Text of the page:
NEARLY a third of care homes in the south of the borough are failing patients and residents in one or more key standard, an Advertiser investigation has found.
Of 42 homes inspected by the Care Quality Commission in Purley, Kenley, Coulsdon, Selsdon, Sanderstead and South Croydon within the last year, almost one in three – 13 – failed to meet one or more standards that residents have a "right to expect".
Shortfalls in care include not meeting "standards of treating people with respect and involving them in their care", missing targets for "standards of providing care, treatment and support which meets people's needs" and failing to maintain "standards of caring for people safely and protecting them from harm".
Many more homes failed in one or more key standard during their last health watchdog inspection more than one year ago.
Campaigners for better care say the findings paint a "dire" picture for sick and elderly people at a time when savings in care provision are set to be enforced.
Among those that are failing in one or more key standard are homes which charge elderly people up to £800 a week.
Stuart Routledge, chief executive of Age UK Croydon, said: "It is appalling that any nursing home should fail to protect the dignity and respect of their patients and residents.
"This survey underpins the urgency for social care funding reform so that those older people who struggle daily with chronic ill health, frailty and disability have the peace of mind that they will be well cared for at their time of need.
"In particular, this shows the dire consequences of a social care system that has been under increasing financial pressure over the last eight years and in many areas is now financially stripped to the bone.
"Staff across health and care services have a professional and moral duty to make sure the dignity of their patients and residents is enshrined in every action. This means involving people in decisions about their care, providing care that treats people with respect and helping people to be as independent possible."
The current bill for elderly care is mostly met by pensioners themselves, with funding rules stating if a person has either £23,000 or more in combined savings and assets, they are required to pay the full cost.
With many older people owning properties worth tens of thousands of pounds by the time they require care, many pay with funds raised from assets or savings.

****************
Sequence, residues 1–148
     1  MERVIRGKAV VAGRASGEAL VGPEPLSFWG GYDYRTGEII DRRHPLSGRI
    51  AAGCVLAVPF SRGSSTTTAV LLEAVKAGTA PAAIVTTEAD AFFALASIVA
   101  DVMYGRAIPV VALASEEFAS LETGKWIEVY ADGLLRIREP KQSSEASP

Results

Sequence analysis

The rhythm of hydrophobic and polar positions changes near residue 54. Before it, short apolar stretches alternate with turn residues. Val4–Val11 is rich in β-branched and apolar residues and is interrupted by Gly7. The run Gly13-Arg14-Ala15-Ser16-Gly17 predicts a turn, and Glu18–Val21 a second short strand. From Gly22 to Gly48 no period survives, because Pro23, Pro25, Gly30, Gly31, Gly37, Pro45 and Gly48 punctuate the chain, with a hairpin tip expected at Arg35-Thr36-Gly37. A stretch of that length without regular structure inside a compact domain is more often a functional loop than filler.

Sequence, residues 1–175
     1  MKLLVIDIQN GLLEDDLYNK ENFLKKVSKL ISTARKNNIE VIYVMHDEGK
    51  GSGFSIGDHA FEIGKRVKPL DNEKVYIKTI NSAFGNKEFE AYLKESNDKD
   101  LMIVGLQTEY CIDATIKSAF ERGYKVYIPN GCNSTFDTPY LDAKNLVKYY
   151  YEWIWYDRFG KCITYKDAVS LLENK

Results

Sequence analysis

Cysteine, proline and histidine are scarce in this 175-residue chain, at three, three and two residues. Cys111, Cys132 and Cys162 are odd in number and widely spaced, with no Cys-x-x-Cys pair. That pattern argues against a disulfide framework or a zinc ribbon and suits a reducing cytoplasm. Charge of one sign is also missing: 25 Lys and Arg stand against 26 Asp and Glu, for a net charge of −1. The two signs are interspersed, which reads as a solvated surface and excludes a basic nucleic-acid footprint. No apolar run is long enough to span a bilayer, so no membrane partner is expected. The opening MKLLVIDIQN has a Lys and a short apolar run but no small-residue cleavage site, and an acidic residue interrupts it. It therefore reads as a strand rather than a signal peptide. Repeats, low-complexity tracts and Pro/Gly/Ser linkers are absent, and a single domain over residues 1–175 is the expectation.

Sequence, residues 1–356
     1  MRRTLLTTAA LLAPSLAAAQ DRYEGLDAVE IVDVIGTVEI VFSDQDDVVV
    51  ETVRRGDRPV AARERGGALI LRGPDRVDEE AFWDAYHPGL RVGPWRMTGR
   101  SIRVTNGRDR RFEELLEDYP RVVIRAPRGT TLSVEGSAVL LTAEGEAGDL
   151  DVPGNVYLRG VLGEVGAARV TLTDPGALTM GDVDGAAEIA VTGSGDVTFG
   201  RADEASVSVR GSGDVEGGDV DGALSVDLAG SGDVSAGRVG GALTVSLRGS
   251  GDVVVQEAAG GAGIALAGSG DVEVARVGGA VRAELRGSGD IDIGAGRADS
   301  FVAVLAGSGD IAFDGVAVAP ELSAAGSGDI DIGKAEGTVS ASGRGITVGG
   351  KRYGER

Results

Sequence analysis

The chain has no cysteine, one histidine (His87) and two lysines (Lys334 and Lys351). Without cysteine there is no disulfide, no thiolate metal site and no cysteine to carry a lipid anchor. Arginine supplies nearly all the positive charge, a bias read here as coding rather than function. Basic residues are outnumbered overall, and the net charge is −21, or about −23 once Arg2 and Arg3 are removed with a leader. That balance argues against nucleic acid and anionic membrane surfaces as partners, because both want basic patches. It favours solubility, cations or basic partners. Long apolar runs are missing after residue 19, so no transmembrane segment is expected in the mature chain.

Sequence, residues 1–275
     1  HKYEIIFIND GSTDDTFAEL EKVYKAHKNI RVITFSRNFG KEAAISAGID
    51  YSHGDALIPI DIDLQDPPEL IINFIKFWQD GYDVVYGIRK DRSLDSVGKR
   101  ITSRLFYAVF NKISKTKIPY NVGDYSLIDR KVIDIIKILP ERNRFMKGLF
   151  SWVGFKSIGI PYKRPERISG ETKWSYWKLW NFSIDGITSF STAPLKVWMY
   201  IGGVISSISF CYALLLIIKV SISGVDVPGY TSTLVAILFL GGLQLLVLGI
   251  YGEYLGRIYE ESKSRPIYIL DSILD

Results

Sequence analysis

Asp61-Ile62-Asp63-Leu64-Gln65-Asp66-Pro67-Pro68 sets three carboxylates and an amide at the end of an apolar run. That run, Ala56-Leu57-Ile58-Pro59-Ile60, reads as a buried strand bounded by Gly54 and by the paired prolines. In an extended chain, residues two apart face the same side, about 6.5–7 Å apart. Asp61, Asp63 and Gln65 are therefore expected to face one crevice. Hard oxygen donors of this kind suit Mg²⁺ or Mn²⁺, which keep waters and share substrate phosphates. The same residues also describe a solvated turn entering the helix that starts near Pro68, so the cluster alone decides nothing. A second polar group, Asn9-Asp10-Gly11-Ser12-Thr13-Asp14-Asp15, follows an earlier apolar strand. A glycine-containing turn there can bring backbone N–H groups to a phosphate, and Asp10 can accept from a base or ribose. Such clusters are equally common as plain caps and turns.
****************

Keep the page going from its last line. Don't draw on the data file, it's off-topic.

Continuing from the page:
However, if nursing care is required in addition, a weekly allowance of little more than £100 can be claimed from Croydon Council.
Last year (2011/12) the council spent £14.29 million on subsidising residential and nursing care, including the costs of elderly people with mental illness.
The figures, compiled by the Advertiser by analysing every home inspected since December 2011 on the health watchdog Care Quality Commission's website, also includes homes for mental health, learning disability and physical disability patients and residents.
Croham Place, in South Croydon – a home for people with learning and physical disabilities, according to the CQC website – was the worst performing, with improvements needed in four of the five key standards checked by inspectors.
Last financial year (2011/12) Croydon Council spent £4.77 million on care homes for people with mental illness and £20.18 million for those with learning disabilities.
A council spokesman said: "Funding for individual placements comes from central Government and council tax, with contributions also made by those receiving care.
"This is being reduced but Croydon has been successful in ensuring services are provided efficiently and at the best price.
"For homes that have residents funded by the council, our contract compliance team visits to check homes are providing a high standard of care."
A CQC spokesman said the regulator has a range of powers and measures that can be exercised to ensure standards are maintained.
The spokesman said: "CQC inspectors are trained to check whether services meet the national standards set out in the Health and Social Care Act.